Bulgy-eye is a growing problem it seems on grouse moors in the north of England (see here, here and here). We hear that one grouse moor in the Peak District has cancelled all its grouse shooting days for this year because of an outbreak.
It’s not totally surprising is it? When you are engineering unnaturally high densities of one species, Red Grouse, at the expense of all others, disease is likely to be a problem. Medicated grit has enabled many grouse moors to get on top of the problem of strongylosis but you can’t cheat nature for ever.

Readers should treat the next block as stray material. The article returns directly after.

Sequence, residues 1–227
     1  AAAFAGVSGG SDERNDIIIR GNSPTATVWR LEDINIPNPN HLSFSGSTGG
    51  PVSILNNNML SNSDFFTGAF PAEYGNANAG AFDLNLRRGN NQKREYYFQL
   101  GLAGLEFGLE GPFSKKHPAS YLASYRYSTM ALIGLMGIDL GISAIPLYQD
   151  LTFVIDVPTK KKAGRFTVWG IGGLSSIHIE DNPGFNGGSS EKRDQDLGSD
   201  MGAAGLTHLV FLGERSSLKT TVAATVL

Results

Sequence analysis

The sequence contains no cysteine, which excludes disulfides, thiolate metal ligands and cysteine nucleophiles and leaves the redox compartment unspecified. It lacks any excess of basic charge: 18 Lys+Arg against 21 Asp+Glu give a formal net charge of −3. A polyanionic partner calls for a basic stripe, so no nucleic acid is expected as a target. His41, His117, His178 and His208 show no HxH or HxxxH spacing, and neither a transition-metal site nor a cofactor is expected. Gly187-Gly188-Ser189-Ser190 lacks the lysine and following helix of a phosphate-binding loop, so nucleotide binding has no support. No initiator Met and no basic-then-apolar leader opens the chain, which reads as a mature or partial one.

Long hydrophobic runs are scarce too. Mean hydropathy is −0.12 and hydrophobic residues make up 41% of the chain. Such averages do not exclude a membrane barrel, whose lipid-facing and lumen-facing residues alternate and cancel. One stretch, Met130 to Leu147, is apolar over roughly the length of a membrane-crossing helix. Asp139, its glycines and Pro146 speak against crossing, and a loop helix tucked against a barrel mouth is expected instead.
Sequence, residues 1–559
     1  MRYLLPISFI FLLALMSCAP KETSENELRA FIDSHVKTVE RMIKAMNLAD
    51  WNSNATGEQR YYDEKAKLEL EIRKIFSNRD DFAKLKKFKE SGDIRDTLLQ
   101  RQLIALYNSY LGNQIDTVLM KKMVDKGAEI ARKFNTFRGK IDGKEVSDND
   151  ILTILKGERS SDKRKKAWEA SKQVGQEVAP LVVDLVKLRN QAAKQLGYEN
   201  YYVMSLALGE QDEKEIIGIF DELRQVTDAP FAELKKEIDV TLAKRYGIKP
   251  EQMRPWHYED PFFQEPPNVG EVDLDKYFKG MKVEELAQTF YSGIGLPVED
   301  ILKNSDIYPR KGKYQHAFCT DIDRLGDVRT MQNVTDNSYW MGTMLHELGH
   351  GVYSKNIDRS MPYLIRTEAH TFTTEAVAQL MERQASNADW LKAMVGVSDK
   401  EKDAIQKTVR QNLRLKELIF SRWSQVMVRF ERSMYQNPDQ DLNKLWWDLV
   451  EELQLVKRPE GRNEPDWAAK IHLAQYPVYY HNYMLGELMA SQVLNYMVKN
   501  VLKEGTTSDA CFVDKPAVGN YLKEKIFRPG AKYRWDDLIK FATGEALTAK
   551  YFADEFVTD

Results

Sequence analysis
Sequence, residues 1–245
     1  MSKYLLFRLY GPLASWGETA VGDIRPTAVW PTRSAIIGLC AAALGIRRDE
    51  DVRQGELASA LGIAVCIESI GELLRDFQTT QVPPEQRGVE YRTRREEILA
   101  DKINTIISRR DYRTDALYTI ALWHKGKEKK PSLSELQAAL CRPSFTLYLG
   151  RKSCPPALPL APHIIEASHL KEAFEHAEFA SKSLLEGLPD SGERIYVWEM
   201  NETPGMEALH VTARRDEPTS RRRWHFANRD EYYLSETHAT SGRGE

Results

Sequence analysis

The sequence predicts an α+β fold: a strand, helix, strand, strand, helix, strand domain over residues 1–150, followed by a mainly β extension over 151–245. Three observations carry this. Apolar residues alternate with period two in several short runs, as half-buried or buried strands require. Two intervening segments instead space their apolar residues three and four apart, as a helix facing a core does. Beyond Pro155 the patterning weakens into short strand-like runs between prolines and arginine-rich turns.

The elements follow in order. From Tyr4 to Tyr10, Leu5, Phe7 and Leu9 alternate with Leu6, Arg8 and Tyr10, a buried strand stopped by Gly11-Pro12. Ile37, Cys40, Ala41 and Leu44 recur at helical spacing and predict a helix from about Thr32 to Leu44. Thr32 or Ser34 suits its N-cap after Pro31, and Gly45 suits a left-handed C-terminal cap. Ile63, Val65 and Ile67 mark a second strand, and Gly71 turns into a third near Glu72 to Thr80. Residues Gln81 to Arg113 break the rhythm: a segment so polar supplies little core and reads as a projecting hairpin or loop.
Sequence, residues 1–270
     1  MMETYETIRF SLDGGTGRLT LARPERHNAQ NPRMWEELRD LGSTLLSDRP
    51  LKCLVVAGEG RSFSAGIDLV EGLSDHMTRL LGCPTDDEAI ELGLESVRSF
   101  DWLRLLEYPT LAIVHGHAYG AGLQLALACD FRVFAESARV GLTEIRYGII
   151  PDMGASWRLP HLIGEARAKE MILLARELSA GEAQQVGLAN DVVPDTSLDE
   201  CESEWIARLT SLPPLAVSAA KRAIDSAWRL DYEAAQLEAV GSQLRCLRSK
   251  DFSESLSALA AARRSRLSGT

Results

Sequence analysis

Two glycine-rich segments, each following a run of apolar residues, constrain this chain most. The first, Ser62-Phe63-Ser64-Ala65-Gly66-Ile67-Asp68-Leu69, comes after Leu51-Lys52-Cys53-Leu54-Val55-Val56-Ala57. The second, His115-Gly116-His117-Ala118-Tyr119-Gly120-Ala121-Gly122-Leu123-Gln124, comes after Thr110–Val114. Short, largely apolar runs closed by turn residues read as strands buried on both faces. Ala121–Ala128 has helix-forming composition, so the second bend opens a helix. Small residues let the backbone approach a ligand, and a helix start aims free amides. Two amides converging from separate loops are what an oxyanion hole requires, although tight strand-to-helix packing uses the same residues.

Of course, in a natural situation, without extreme predator control, the foxes and stoats might take out more of the diseased birds and cut down on transmission to healthy birds. But the state of affairs on grouse moors is far, far from natural. There are two cracking quotes from a grouse moor manager about this subject towards the end of Chapter 2 of Inglorious (pp79-80).
Bulge eye is caused by the protozoan Cryptospordium baileyi (which affects poultry but to which humans are not susceptible).